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Nikon D3s, Four Years Later


I’ve been a Nikon shooter for years. It’s not because Nikon is better than Canon or a subjectively biased motivation and at this point, I’d shoot just about anything and be happy. I consider myself fairly brand agnostic however, there are camera brands I like and prefer, but at the end of the day, they all do some very basic things and they all seem to do them well.

I bought my Nikon D3s in the Fall of 2009. I had been shooting a Nikon D700 and loved it, but wanted more. In fact, there are many times where I wish I still had my D700 as it was such a great camera to shoot. The size, form factor, all great. And it made some great files. Oh, and I actually really dug how the built-in flash was so versatile as a quick fill or even as a CLS commander. All good stuff. But, I’m far happier with the D3s and frankly never looked back.

Over 100k clicks and it performs exactly the same today as it did the day I got it 4 years ago!

Nikon’s build quality is amazing. My D3s now has over 104,000 clicks on it. Yes, over 100k clicks and it performs exactly the same today as it did the day I got it 4 years ago. So what motivated me to write about it all of a sudden? I think at times I take it for granted. I tried replacing it with the D4, but the D4 didn’t do it for me. I like the files from the D3s better. I like the way the D3s handles better. Tethering with the D3s is fantastic. Incredibly reliable and a phenomenal buffer. This camera is such an incredible performer. You can get easily 4000 or more RAW frames on a single battery charge! C’mon, that’s insane?! Super fast, tack sharp focusing. And the list goes on.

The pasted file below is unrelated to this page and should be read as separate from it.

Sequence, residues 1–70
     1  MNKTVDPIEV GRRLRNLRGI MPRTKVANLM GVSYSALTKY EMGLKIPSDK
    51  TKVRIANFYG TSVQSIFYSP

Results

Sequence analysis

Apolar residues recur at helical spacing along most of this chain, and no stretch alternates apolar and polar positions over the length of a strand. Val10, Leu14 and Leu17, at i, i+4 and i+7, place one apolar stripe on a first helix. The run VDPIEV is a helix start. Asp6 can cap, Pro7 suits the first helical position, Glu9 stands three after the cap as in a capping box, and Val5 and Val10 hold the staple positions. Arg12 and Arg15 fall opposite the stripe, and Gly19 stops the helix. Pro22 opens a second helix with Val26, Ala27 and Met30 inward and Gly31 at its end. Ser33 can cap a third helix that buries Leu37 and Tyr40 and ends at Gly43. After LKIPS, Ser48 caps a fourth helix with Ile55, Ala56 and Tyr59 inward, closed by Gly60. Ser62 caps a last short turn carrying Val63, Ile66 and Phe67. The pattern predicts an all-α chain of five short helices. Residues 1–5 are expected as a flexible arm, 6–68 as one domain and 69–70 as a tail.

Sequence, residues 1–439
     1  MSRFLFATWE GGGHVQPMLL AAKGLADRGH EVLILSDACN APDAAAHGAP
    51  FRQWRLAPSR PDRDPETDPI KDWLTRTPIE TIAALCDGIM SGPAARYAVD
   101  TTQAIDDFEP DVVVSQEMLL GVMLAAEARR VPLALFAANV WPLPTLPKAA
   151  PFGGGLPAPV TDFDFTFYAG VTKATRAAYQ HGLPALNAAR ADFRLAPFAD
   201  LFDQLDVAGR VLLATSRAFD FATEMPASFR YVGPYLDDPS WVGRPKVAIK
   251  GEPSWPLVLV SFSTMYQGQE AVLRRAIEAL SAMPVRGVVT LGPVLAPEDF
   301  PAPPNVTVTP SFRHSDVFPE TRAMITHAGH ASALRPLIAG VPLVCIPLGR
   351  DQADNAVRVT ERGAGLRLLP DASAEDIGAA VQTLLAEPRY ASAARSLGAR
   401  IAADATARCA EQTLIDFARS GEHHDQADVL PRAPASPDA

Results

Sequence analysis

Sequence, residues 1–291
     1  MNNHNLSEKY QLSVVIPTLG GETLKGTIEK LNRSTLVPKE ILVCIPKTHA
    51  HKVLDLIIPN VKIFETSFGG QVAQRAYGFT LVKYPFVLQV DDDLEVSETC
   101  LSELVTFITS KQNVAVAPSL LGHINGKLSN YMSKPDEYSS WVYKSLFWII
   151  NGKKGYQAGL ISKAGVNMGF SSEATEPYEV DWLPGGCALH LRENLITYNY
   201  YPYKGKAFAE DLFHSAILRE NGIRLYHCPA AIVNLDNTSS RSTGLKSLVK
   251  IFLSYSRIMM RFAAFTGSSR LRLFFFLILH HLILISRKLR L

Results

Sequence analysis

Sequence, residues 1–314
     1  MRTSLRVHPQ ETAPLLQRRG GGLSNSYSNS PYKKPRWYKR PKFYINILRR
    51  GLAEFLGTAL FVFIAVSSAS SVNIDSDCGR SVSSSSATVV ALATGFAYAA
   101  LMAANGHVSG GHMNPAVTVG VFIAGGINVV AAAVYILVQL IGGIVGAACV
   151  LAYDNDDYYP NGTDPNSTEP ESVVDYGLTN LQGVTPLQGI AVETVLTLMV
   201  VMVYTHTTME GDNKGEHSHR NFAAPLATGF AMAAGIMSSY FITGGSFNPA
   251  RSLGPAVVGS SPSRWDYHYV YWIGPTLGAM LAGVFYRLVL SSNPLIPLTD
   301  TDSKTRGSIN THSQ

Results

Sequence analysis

Today, I was booked on an outdoor shoot despite the fact that it’s raining and was expected to get heavier as the day progressed. I was tasked to shoot professional golfer Spencer Levin for IZOD. The shoot was at one of the countries most prestigious golf courses. And wow, was this place amazing. However, it was literally dumping rain. I am typically very careful about getting my gear wet – water and electronics are not friends. However, I had a small window of time to get my shots and there was no chance the rain was letting up so I just went on to the golf course and did the shoot.

Because it was so gross out – overcast and pouring rain, I bumped my ISO up to 800. Set my shutter to 1/1000 so I could be prepared to freeze motion and shot between f/3.5 and f/4 with the 85mm f/1.4 lens. I wanted to really isolate Spencer on the backdrop of this spectacular golf course. The shots came out fantastic. So rich and contrasty. Beautiful saturated color. At 1/1000, the rain drops made for extra drama, but the action was all there. Spencer is a pro. Not only as a golfer but with this sort of thing. He was so nice and accommodating and despite the dumping rain, he worked with me so we could get all the shots and he did so without skipping a beat so he could make it to the next hole and not hold up the game.

The camera got wet. No the camera got soaked. No, the camera was dripping soaking wet. I trusted the weather sealing on the camera and didn’t think much about what would happen to the gear, because it was all about getting the shots and it performed perfectly. After toweling it off thoroughly, there’s no evidence of the super soaking it took today.

Would I recommend anyone shoot out in the rain and expose their gear to the elements? Not at all. However there are times you gotta do whatcha gotta do to get the shots, to do your job. I love my job. My camera is a tool. A means. It’s insured and replaceable. I still take extra good care of it, but when necessary, I will push myself and my gear to the limits to get the job done.

PS The photo of the D3s was taken with a Fuji X-Pro 1. 😉